Many years ago, I made the decision to avoid a corporate lifestyle at all costs and earn a living working for myself writing and making pretty pictures.

The freedom of working for myself has brought with it joy and greatly reduced levels of office small talk.

Having done this for over ten years, I would not — and now probably could not — do it any other way.

The route I’ve chosen has allowed me to make cool illustrations of apes and aliens, earn a bit of money, and live and work mostly anywhere I want (writing this in Bangkok — how awesome am I, right?).

It has not been without its challenges, however. Not needing to follow a formal structure has lead to laziness and watching YouTube for hours instead of working, many times.

Not taking full control as my own boss has resulted in days where I’d consider cleaning out my email spam box a triumph.

I’ve been lonely and sometimes depressed through isolating myself without someone suggesting that it might do me some good to speak to an actual person at some point in the week.

About a year ago, I went on a week-long trip to Iceland with a friend. We hired a jeep, and covered as much of the country’s wild, alien landscape as we could.

We covered the car in the dust and detritus, from the bright yellow sand dunes on the coast to the deep black lava dust of the foreboding Prometheus-esque interior.

The beauty and uniqueness of the country revived my spirit and infused new colour into my greying senses.

Physically moving through unfamiliar landscapes gave me the opportunity to think about and feel the world differently, almost as a different person.

As someone who relies on fresh, creative ideas, feeling alive, and being inspired, this kind of experience holds a tremendous amount of value for my work, and my sanity.

The illustrations here were inspired by Iceland, but going on such an adventure also led to a new change in the way I approached my life from that point on.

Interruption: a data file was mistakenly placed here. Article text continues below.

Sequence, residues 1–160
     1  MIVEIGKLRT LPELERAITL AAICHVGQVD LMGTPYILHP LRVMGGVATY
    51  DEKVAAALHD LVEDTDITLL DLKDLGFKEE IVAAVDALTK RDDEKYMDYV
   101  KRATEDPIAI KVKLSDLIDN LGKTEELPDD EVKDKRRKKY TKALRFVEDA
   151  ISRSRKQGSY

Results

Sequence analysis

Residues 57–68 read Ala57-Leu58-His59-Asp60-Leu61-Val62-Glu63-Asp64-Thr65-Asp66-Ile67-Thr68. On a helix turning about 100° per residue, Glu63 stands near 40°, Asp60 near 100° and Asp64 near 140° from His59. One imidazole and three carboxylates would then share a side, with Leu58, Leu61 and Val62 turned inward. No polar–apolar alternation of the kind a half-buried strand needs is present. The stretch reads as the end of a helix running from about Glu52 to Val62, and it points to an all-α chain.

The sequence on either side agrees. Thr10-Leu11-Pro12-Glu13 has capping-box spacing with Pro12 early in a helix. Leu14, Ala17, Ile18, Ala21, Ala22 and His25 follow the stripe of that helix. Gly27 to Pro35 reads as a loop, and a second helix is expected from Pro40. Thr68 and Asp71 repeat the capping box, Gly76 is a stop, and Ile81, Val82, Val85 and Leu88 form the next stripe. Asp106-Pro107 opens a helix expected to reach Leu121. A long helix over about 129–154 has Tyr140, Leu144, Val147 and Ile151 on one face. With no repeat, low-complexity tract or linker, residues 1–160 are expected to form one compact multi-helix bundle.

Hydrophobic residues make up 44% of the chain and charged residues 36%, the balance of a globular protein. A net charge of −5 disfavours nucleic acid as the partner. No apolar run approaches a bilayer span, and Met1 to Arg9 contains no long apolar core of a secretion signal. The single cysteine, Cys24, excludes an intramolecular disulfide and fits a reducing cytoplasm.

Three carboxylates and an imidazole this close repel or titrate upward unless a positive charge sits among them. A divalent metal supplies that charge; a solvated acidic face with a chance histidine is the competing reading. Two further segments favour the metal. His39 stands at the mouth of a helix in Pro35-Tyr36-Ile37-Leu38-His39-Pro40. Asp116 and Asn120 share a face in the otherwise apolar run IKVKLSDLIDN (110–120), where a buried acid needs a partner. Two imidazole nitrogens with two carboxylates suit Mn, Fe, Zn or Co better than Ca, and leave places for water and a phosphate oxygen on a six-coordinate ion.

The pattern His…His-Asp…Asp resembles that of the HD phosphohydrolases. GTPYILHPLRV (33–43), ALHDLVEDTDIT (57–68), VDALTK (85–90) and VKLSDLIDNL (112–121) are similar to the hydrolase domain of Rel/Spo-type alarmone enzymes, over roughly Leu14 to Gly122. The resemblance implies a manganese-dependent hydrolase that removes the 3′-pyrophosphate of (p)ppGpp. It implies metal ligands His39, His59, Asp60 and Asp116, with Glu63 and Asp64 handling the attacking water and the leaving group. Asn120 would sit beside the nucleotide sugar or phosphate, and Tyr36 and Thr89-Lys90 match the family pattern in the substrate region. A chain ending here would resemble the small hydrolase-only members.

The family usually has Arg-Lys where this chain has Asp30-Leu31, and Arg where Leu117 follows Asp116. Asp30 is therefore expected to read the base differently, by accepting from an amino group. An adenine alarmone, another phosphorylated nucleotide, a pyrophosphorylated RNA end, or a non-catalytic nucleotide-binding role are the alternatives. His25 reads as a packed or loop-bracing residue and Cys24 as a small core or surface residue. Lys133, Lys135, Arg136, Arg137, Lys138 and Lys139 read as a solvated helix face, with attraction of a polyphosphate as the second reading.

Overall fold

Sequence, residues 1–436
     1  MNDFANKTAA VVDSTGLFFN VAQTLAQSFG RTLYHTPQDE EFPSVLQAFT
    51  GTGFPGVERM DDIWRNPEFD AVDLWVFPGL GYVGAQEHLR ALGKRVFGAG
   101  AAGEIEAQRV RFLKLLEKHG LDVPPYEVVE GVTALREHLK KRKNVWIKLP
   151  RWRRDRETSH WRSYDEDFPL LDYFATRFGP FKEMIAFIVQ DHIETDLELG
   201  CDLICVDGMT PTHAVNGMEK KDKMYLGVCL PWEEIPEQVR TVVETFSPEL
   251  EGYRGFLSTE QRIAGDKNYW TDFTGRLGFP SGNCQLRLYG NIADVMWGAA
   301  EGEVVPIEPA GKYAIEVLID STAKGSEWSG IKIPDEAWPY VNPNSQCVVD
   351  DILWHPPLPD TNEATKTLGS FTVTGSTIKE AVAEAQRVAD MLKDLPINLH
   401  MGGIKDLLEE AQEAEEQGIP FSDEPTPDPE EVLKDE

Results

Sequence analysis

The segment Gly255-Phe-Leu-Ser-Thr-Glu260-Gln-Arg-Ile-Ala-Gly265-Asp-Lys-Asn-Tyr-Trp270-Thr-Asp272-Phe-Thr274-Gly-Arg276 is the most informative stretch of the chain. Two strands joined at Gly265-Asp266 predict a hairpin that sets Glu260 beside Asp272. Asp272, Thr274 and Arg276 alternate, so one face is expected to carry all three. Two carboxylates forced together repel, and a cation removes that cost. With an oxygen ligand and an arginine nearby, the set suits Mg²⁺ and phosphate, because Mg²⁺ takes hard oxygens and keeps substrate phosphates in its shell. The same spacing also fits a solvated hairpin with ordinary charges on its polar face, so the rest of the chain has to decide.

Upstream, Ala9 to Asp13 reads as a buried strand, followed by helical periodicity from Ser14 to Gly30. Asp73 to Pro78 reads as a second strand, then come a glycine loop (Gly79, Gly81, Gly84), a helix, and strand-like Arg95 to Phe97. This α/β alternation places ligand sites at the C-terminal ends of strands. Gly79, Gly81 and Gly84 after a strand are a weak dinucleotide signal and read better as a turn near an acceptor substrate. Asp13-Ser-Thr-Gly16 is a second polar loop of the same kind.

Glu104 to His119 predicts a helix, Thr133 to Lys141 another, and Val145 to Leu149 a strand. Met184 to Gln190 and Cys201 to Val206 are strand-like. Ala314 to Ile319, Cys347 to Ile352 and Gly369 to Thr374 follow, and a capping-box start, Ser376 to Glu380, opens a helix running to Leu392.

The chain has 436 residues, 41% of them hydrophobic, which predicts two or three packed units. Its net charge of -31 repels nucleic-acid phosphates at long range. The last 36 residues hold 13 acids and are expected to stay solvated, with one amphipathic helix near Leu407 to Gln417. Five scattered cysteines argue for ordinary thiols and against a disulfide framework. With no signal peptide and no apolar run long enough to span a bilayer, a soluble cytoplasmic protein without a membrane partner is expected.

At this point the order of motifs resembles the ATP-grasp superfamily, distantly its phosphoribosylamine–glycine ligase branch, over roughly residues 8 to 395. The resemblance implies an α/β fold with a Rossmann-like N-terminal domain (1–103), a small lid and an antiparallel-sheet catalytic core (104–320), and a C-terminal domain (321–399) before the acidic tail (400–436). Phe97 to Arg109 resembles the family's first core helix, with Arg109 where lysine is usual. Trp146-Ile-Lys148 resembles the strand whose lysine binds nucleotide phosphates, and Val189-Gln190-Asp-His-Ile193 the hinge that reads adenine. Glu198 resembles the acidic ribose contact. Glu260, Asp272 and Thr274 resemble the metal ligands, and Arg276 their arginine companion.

I decided to bring adventure into my daily life instead of a once in a year short burst.

On every day that I can, I will go on a walk, sometimes a long one, and I will bring my notepad and my phone to take pictures and videos. I will use this adventure to collect and note ideas or simply document things I see as I go.

I call them ‘Idea Adventures.’

All truly great thoughts are conceived while walking. -Friedrich Nietzsche

Idea adventures combine physical movement with adventure and actually sometimes getting stuff done. The walks get me out of the house, and give me something to look forward to.

I might meet new people, I learn, and I have new experiences. They get me moving, which as I often write about, is important for being productive and stimulating ideas through the increased flow of oxygenated blood.

Most of all, the walks create value in the form of new ideas and solutions to problems in my notebooks. I usually come home with several pages of notes that I’d never have come up with sitting at home worrying that I wasn’t working hard enough.

Idea Adventures might not always be as wild or thrilling as walking in Iceland, but they allow me to bring a sense of adventure into my average day.

Me thinks that the moment my legs begin to move, my thoughts begin to flow. -Henry David Thoreau

I’m ambitious and I like to work, so at first I wasn’t sure about spending time away from my desk. Adventures in the day just seemed a little too…Indiana Jones for me to take them seriously. But I’ve found that the walks have lead to actually getting more done.

The walks are in themselves usually very productive, because I take notes, and often create extra material that I can share online for people to follow my story. Because I’m occupied and moving, I don’t get lost in dreary thoughts as much, and any pent up or depressed vibes usually evaporate.

This has benefitted my general happiness and productivity in a really noticeable way.